By Fiona Rotherham
An Employment Court hearing has begun in Auckland over stalled negotiations between Talley's-owned meat processor Affco and the Meat Workers Union on a return to work by 200 Wairoa freezing workers who have been out of work for the past 135 days.
The Court unanimously decided in November that Affco's lockout of freezing workers at plants across the North Island who had refused to sign individual contracts earlier in the year was illegal.
It also said that Affco had breached section 32 of the Employment Relations Act 2000 by not acting in good faith while collective bargaining was continuing.
Workers at other plants eventually returned to work under the new contracts but a number of Wairoa workers refused to sign.
Both parties were ordered to return to mediation on the Wairoa return to work and any remedies were postponed until after that occurred. However further mediation talks have failed to resolve the long-running stoush.
An urgent hearing before Christmas where the union sought an injunction failed, but the judge ruled the union had an arguable case and the hearing, set down for three days, was brought forward to today.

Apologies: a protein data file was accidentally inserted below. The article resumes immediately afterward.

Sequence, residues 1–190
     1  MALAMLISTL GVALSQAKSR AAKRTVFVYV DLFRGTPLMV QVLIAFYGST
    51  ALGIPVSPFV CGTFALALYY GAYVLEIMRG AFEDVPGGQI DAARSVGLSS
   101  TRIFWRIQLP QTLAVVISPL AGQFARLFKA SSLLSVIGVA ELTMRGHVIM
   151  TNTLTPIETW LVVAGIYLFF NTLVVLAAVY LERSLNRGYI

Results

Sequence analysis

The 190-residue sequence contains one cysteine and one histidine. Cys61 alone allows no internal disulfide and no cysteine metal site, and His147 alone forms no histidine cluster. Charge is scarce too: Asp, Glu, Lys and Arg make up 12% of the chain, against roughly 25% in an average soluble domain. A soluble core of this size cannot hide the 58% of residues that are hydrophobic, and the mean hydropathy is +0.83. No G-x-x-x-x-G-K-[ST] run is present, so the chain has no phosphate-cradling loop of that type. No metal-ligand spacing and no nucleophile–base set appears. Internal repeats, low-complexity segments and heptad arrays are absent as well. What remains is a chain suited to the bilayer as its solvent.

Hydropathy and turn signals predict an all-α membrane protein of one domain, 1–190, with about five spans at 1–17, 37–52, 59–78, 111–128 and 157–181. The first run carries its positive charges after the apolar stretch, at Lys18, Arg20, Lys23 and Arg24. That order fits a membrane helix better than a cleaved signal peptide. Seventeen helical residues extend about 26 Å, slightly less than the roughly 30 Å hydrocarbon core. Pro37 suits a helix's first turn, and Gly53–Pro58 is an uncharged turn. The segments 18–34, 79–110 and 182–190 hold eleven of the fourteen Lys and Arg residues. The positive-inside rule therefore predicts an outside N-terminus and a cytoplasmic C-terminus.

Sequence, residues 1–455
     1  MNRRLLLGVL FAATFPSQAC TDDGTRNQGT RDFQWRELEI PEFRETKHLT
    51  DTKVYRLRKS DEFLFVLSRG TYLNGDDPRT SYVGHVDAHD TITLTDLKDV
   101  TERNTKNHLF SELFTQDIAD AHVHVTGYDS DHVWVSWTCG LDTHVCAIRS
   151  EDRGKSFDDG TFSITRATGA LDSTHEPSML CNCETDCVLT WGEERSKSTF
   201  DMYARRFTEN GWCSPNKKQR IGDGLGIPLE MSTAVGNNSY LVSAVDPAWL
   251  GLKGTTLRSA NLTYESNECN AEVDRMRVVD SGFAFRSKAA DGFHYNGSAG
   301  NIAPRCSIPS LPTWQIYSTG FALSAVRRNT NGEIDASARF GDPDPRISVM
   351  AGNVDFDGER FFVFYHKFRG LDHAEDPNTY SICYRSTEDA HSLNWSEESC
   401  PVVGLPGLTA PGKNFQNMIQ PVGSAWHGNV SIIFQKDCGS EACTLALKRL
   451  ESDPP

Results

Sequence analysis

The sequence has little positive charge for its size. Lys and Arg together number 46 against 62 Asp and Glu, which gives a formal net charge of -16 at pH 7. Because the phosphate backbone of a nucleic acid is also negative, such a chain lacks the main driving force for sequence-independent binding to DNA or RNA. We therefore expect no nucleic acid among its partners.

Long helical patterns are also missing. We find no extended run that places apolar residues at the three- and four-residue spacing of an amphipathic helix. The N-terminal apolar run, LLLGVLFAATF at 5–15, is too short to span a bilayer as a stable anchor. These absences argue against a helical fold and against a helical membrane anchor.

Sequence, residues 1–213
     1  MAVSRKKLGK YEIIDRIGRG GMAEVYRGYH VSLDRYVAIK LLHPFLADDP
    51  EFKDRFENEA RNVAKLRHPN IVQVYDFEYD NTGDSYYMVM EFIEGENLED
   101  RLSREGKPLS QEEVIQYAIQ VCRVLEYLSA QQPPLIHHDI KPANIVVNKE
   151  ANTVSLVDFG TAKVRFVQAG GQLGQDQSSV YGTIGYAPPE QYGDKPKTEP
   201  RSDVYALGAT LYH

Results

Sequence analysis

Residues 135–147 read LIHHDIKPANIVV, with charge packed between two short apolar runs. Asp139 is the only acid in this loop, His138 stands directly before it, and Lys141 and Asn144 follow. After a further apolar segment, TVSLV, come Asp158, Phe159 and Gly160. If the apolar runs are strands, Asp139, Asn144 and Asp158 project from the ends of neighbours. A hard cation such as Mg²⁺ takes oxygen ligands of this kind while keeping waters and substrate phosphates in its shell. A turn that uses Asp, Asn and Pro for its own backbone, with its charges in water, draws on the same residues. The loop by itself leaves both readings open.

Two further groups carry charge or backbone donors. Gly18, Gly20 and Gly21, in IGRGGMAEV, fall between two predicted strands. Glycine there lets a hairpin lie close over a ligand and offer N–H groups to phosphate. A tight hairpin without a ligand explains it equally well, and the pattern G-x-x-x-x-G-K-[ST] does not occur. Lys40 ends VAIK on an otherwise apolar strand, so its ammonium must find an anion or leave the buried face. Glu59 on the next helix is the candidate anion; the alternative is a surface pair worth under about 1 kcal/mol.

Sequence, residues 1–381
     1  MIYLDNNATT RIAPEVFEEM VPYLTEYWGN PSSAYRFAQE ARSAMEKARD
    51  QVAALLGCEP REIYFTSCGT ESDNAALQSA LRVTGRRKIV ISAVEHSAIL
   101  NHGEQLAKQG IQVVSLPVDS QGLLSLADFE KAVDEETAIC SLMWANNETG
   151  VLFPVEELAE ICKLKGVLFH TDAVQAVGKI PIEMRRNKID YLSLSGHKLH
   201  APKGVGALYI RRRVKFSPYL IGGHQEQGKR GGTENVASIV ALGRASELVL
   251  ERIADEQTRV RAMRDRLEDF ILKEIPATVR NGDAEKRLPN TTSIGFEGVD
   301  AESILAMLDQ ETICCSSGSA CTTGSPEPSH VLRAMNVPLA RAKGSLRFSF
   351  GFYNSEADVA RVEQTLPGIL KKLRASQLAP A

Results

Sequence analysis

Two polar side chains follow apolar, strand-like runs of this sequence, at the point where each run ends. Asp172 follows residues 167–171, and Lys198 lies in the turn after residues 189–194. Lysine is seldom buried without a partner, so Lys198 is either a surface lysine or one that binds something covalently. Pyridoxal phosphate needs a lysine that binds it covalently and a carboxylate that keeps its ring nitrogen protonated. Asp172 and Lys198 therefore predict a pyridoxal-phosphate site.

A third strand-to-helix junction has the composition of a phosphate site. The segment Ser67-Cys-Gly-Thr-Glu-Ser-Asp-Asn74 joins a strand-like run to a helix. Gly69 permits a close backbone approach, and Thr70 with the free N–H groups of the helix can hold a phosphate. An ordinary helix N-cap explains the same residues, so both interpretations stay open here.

Under dispute are the terms and conditions on which they return to work. The union told the court that Affco, the country's fourth-largest meat processor, continues to insist the locked-out workers should restart work on the nightshift, which the union contends is unreasonable and discriminatory.
Affco's lawyer, Paul Wicks QC, said the company's decision could have rested on a number of things, including climate, economic factors, and the inability of competitors to buy stock at this time.
A second court case set down for November claiming the company walked away from negotiations on the collective contract that expired in 2013 was postponed until after the mediation talks on the lockout issue.